She was crushed.

Quinn covered her gaping mouth with her hand, shaking her head. She stood and walked over to her office windows still reeling from her brother’s non-admission.

Tears formed in the corners of Quinn Landon’s eyes. No. She would not cry. Enough tears were already shed over a situation that didn’t deserve them. Quinn looked over her shoulder at Aaron.

“This isn’t about Oscar’s infidelity, is it? This isn’t about his betrayal of our marriage, or my… what did you call it? Inability to be reasonable?”

She turned and fully faced him.

“This is about male privilege. Guys just being guys, right? Who else, Aaron? Who else gives lip service to their marriage vows? Junior? Clinton? Daddy?”

“Now, sis. If you’d just calm down and think-”

“Oh, I’m calm, Aaron. Probably calmer than I’ve been in the last five years. I’m glad you came here today, Aaron. You’ve given me not only true clarity, but the resolve to follow my heart and my mind. Now, get out.”

“Quinn-”

“I said get out. And Aaron… never come here again. If you do, I’ll have you removed by security.”

“Quinn! Listen to what you’re saying! We’re family, for god’s sakes!”

“We’re siblings, Aaron. Something we had no say about. But family?”

Quinn returned to her desk and sat in her chair. With a small, bittersweet smile, she continued.

“Family is always there for you. They support you, lift you up and cheer you on. They love you unconditionally. My family doesn’t do that for me. When I think about it, the Clark family abandoned me and supported Oscar even before we were married.”

“But it all makes sense now. I don’t know why I didn’t see it before. No one was shocked and appalled when I found out about Oscar’s first affair. It was me everyone told to calm down. It was me who was told to not do anything hasty… to think things through.”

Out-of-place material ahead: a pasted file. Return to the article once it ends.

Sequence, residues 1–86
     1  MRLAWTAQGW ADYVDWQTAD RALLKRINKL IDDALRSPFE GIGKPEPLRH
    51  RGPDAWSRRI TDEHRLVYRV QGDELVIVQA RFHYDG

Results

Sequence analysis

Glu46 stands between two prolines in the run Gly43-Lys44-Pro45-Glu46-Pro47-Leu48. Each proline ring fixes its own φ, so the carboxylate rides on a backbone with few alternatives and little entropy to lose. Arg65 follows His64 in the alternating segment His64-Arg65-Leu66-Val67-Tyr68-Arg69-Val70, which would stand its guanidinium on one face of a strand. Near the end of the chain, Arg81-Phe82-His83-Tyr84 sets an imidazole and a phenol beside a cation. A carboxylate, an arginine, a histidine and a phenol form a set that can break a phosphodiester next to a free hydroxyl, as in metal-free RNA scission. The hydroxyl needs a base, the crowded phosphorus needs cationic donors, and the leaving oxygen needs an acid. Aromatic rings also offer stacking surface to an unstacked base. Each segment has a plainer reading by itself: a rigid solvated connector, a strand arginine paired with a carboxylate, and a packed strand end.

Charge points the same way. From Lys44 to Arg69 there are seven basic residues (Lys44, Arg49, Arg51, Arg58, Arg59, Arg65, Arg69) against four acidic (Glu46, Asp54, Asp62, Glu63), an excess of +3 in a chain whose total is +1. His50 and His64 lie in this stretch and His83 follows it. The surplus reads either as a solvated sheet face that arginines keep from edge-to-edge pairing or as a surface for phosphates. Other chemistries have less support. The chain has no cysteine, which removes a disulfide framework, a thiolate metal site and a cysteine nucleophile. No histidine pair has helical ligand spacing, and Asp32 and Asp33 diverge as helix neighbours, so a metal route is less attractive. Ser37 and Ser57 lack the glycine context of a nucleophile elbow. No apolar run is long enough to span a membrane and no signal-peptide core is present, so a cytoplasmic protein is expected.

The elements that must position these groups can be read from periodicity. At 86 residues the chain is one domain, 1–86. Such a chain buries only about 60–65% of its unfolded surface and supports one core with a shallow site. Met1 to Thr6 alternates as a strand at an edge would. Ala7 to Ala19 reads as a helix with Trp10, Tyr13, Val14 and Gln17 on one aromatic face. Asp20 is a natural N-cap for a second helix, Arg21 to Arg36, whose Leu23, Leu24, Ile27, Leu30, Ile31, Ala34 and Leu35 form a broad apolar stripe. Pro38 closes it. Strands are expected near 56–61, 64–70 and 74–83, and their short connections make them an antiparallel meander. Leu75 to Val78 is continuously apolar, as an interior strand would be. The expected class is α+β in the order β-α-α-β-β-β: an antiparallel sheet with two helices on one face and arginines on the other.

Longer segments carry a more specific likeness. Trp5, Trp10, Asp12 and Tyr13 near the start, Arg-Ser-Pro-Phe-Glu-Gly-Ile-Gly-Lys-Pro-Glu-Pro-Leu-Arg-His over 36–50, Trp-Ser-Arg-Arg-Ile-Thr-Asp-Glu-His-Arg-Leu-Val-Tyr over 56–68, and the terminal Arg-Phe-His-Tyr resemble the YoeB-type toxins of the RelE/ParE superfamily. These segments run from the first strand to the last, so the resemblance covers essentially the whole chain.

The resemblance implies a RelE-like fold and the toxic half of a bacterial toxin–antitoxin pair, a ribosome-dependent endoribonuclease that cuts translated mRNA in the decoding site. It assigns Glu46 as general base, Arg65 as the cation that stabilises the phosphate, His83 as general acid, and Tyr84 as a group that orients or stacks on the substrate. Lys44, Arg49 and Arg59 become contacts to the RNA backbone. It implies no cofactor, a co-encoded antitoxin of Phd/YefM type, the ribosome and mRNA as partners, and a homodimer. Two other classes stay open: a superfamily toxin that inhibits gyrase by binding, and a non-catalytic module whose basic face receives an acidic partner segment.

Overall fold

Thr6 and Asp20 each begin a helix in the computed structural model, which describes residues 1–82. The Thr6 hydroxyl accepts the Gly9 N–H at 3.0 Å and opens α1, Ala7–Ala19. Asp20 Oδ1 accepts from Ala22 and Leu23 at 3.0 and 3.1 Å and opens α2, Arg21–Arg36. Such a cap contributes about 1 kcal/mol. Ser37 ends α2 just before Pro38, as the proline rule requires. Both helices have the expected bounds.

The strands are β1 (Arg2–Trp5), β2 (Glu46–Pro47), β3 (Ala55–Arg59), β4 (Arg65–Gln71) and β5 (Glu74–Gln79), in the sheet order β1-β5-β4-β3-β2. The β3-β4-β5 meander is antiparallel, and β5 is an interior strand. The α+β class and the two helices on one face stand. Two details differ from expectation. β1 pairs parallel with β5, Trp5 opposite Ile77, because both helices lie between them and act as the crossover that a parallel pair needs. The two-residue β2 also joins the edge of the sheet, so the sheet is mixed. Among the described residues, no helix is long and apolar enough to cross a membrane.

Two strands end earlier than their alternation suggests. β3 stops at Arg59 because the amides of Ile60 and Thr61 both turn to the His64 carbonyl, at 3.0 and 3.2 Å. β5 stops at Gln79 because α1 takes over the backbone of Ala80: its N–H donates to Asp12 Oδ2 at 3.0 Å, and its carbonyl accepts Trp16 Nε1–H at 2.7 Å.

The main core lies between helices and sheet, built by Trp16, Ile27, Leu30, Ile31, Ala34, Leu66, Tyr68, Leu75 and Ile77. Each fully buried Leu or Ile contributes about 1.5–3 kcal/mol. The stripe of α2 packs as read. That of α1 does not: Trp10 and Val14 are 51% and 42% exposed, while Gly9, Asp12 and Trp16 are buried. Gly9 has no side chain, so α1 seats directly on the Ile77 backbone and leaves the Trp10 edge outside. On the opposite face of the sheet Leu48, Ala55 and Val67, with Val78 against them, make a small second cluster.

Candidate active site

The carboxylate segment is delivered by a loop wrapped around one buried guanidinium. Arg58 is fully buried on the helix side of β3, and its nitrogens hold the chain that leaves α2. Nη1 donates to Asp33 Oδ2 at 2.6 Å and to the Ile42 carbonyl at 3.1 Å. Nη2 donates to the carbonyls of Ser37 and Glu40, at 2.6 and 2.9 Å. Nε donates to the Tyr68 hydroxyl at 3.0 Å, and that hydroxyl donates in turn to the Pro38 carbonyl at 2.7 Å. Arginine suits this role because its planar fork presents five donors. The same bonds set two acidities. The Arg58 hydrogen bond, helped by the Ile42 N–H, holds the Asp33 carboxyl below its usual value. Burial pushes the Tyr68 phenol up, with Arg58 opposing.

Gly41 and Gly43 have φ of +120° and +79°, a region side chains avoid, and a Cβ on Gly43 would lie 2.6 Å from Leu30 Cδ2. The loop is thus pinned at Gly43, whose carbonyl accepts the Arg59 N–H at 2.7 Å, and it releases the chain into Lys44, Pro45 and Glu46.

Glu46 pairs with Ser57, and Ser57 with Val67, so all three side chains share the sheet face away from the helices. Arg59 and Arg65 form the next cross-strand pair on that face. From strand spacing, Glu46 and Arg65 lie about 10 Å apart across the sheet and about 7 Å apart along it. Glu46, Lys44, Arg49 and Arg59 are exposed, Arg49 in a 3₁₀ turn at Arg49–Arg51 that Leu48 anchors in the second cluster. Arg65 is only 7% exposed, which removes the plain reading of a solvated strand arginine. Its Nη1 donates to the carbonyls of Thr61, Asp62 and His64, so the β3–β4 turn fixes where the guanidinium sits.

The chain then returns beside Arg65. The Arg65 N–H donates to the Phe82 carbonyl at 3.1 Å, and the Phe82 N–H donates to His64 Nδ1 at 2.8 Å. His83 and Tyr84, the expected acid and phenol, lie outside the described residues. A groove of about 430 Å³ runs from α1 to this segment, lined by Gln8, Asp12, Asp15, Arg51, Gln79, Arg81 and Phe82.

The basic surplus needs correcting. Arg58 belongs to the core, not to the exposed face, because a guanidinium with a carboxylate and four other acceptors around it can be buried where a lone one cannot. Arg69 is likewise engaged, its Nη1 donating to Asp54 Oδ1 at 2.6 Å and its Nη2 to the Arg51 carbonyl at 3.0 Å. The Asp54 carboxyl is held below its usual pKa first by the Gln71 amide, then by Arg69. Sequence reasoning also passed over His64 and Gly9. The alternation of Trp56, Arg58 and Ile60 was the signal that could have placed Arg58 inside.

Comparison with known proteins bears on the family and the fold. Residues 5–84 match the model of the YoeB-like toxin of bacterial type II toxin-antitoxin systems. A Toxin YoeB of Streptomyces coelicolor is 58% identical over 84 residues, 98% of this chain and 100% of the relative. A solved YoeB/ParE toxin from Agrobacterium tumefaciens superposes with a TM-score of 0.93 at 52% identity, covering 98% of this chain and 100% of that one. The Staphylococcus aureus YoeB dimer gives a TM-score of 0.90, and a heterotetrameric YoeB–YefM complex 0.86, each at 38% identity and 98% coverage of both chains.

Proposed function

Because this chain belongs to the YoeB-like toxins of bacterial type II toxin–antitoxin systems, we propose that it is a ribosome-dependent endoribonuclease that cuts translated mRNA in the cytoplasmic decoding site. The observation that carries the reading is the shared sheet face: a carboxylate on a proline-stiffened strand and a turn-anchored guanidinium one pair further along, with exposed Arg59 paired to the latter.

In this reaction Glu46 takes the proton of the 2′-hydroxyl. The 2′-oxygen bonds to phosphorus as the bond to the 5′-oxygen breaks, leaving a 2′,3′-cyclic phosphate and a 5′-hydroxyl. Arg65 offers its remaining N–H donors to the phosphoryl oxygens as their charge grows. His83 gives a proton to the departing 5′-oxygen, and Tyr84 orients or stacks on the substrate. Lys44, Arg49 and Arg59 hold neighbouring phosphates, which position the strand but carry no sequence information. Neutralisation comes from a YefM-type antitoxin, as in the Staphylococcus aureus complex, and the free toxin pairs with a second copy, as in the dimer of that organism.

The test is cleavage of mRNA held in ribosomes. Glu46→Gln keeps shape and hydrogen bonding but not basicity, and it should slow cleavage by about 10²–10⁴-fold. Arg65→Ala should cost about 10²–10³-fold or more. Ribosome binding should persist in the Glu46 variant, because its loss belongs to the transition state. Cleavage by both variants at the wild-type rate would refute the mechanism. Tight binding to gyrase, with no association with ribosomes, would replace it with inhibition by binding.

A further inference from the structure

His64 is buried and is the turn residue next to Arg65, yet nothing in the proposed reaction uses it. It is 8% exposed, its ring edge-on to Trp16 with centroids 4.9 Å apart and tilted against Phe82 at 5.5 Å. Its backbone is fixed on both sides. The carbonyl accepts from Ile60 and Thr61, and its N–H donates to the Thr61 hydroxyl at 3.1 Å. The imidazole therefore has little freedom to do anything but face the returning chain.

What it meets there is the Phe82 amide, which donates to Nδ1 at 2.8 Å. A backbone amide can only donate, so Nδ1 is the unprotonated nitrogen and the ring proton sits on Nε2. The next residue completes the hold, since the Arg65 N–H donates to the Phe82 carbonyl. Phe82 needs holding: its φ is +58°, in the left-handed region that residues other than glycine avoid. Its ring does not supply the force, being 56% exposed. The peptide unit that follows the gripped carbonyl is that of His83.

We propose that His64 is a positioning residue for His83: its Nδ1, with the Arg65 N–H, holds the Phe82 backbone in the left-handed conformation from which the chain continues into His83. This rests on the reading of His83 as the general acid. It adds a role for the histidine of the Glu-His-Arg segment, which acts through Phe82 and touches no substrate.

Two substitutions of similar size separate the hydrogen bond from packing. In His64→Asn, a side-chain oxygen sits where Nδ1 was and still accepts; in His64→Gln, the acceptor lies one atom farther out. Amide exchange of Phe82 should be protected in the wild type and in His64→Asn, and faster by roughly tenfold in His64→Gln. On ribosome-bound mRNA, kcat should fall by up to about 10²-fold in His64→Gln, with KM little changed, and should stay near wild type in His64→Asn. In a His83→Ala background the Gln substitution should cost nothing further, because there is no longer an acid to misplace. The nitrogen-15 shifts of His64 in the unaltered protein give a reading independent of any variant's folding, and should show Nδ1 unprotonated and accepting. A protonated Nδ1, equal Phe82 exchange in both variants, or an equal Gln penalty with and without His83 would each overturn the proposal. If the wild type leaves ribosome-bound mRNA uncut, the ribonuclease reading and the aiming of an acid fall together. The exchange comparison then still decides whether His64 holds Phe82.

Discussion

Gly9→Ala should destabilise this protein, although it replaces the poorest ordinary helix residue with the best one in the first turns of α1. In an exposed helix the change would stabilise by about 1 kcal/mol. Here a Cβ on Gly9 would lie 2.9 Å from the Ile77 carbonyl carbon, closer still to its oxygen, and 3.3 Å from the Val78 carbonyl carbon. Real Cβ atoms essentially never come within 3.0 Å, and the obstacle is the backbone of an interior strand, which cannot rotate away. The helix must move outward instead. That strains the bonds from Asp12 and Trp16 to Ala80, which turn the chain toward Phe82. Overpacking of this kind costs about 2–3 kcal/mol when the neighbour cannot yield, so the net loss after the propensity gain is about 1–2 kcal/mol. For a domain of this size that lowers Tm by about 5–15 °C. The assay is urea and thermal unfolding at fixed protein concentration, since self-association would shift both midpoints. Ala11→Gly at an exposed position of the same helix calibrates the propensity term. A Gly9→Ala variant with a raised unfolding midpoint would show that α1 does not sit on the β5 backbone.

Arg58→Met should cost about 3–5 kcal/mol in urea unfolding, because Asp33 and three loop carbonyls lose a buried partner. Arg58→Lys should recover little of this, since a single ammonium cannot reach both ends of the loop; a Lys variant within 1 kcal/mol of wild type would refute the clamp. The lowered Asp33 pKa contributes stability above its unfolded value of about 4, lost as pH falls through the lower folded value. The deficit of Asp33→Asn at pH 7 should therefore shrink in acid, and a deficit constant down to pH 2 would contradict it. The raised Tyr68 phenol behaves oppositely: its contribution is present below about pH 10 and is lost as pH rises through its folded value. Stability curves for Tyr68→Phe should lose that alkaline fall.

The small smile faded from her lips.

“It was me who was shamed because I wanted to end my marriage. All because my family doesn’t see adultery as wrong… for men. They rant and rave about the sanctity of marriage and how it’s ordained by God, and is forever. But adultery… it’s just a little thing. A minor detail. Forget that it’s listed in the Bible as a reason for divorce, or on God’s top ten list. No… no. Men are entitled to a little tail on the side every now and then. God’s a guy, he understands, right?”

“Quinn, you’re-”

“How would you feel if Vanessa had an affair? Or two? Three? How many have you had, Aaron?”

“Vanessa would never-”

“Hypocrite!”

“I take care good care of my wife. I’ve given her everything she’s ever wan-”

Quinn bolted from her seat.

“Except honesty and fidelity!”

“I’ve always been honest with Vanessa.”

“Oh! Well, that’s different. If you tell her up front you’re a lying, cheating asshole, it’s okay.”

“Quinn-”

“I believe you were leaving.”

“Quinn-”

“Goodbye… brother.”

“This isn’t over, Quinn Avery.”

“Yes, Aaron. For me, it is.”

He held her gaze as he backed toward the door.

“No, it isn’t. If you go through with this divorce, you’ll pay a steep price you’ll never recover from.” Aaron left, leaving her office door open.

Stunned, Quinn stood there, her mind replaying her brother’s words.

“… you’ll pay a steep price you’ll never recover from.”

What the hell?

 

©Felicia Denise 2017

Can You Only Write in One Genre?

A Writer's Path

by Michael Cristiano

As a writer, the last thing I want to do is restrict myself. Yes, it’s true, there are genres that I will never write (erotica, true crime, nonfiction textbooks on astrophysics), but other than that, I’m open to pretty much anything. I love straddling the line between genres, often bridging fantasy, science fiction, and paranormal and then throwing in some literary flair.

So, imagine my surprise when I was told that I should pick and stick to one genre. My conversation went something like this: